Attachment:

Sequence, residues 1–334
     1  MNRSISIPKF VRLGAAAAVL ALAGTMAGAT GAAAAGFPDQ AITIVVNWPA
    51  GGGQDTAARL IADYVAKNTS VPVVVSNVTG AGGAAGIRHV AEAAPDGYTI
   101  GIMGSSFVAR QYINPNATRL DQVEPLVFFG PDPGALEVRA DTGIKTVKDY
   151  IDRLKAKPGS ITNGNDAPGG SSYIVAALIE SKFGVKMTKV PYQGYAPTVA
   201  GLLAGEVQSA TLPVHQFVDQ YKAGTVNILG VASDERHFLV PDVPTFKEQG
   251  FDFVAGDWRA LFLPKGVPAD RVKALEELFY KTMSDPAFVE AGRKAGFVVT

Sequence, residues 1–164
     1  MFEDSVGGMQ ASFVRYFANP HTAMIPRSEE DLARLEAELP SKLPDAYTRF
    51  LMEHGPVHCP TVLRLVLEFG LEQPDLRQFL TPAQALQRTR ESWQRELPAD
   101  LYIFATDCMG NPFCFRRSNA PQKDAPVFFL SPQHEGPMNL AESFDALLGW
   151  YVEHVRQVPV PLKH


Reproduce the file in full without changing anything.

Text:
Sequence, residues 1–334
     1  MNRSISIPKF VRLGAAAAVL ALAGTMAGAT GAAAAGFPDQ AITIVVNWPA
    51  GGGQDTAARL IADYVAKNTS VPVVVSNVTG AGGAAGIRHV AEAAPDGYTI
   101  GIMGSSFVAR QYINPNATRL DQVEPLVFFG PDPGALEVRA DTGIKTVKDY
   151  IDRLKAKPGS ITNGNDAPGG SSYIVAALIE SKFGVKMTKV PYQGYAPTVA
   201  GLLAGEVQSA TLPVHQFVDQ YKAGTVNILG VASDERHFLV PDVPTFKEQG
   251  FDFVAGDWRA LFLPKGVPAD RVKALEELFY KTMSDPAFVE AGRKAGFVVT

Sequence, residues 1–164
     1  MFEDSVGGMQ ASFVRYFANP HTAMIPRSEE DLARLEAELP SKLPDAYTRF
    51  LMEHGPVHCP TVLRLVLEFG LEQPDLRQFL TPAQALQRTR ESWQRELPAD
   101  LYIFATDCMG NPFCFRRSNA PQKDAPVFFL SPQHEGPMNL AESFDALLGW
   151  YVEHVRQVPV PLKH